Here is a run down of TaxationWeb's hot tips to look out for in tomorrow's Budget:
Update on Child Benefit "Cliff Edge" for Higher Rate Taxpayers - this was trailed heavily a fortnight or so ago. More recently it appears that the Chancellor has required some convincing that losing entitlement to this tax-free benefit immediately that a family member's income reaches the Higher Rate Threshold would be unpopular with the public(!) so how generous any changes might be is uncertain. But with some Tory back-benchers apparently suggesting it could be as politically sensitive as the Poll Tax (although Labour's abolition of the 10% starting rate in 2008 and subsequent tinkering with the Personal Allowance is far more recent), some 'smoothing' is expected. So, a taper perhaps triggered once the Threshold is reached.
Withdrawal of the 50% Income Tax Rate - again, this has been very much in the public awareness over the last week or so and the general expectation is that the Chancellor will start to bring the 'Additional Rate' down. It seems that both of the Conservative high command want to see the back of the Additional Rate however they also acknowledge that it is politically extremely sensitive. The Chancellor has requested figures to demonstrate the effectiveness of the 50% rate in raising additional revenue and of course HMRC is as yet unable to do so, except to highlight the significant 'spike' in revenues immediately before the introduction of the new rate which indicates that people who were able to do so, brought their taxable incomes forwards so as to avoid the higher rate. And of course those taxpayers will already be looking at delaying their income to later years, in anticipation of more favourable rates to come. It seems unlikely that the Chancellor will be able to justify any reduction in the top rate of tax, if he doesn't also 'help out' with Child Benefit. Although more likely he will try to tie it in with a raising of the Personal Allowance. But much has already been done to the detriment of lower-earning families in terms of changes to the Tax Credits system and the Chancellor appears to have 'gotten away' with that, so perhaps he will feel suitably emboldened?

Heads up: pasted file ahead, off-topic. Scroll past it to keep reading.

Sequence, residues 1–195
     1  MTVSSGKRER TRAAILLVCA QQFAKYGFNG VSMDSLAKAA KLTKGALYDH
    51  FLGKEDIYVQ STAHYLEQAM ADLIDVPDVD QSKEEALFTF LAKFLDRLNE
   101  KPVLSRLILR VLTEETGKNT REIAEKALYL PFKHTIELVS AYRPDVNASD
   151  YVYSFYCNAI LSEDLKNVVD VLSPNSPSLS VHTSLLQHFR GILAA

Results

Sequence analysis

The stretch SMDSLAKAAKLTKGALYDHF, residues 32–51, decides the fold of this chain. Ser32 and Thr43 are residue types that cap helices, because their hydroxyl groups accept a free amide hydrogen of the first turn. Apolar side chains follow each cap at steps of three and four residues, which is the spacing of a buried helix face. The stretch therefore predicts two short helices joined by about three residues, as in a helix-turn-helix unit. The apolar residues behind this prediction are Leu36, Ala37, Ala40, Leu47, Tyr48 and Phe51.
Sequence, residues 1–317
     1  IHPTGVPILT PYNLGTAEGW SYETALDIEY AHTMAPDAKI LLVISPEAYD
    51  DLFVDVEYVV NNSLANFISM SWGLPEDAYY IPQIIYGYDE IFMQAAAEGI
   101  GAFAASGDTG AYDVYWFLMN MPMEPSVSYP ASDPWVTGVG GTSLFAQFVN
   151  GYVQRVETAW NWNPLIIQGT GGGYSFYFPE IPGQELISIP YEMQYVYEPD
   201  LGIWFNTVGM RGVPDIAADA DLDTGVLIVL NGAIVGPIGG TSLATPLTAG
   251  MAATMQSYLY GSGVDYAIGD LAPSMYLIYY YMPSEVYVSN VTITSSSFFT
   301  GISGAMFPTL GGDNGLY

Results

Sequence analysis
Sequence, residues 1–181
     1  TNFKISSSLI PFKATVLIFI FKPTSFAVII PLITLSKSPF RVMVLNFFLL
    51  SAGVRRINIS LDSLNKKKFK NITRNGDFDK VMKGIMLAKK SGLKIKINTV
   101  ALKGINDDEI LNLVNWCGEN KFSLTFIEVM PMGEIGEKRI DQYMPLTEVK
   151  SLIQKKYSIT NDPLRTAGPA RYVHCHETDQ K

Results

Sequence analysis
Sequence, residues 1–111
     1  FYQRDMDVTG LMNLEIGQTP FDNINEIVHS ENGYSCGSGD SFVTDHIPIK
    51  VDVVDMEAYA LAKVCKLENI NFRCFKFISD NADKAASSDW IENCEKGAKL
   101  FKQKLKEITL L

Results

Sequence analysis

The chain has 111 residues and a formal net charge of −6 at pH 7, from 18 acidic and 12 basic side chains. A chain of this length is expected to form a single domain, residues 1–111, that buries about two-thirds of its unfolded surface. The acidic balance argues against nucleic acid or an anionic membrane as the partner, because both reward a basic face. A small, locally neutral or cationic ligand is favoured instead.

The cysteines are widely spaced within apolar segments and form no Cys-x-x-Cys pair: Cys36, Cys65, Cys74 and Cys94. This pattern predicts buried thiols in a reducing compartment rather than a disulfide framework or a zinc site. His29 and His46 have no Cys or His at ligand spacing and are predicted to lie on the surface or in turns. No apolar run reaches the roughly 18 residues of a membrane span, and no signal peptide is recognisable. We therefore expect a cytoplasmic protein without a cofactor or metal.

Stamp Duty Avoidance - where the Chancellor goes on daytime television and denounces wealthy people who avoid SDLT by using offshore companies to buy expensive real estate in London, it seems certain that some schemes' days are numbered...
General Anti Avoidance - but why stop just at SDLT? It is rumoured that General Anti-Avoidance provisions have been the incentive for the Lib Dems to accept a cut in the Additional Rate, alongside an enhanced Personal Allowance
Cash Basis for Small Businesses - one of the recommendations in the Small Business Tax Review published by the Office of Tax Simplification at the end of February, and relatively easy to implement.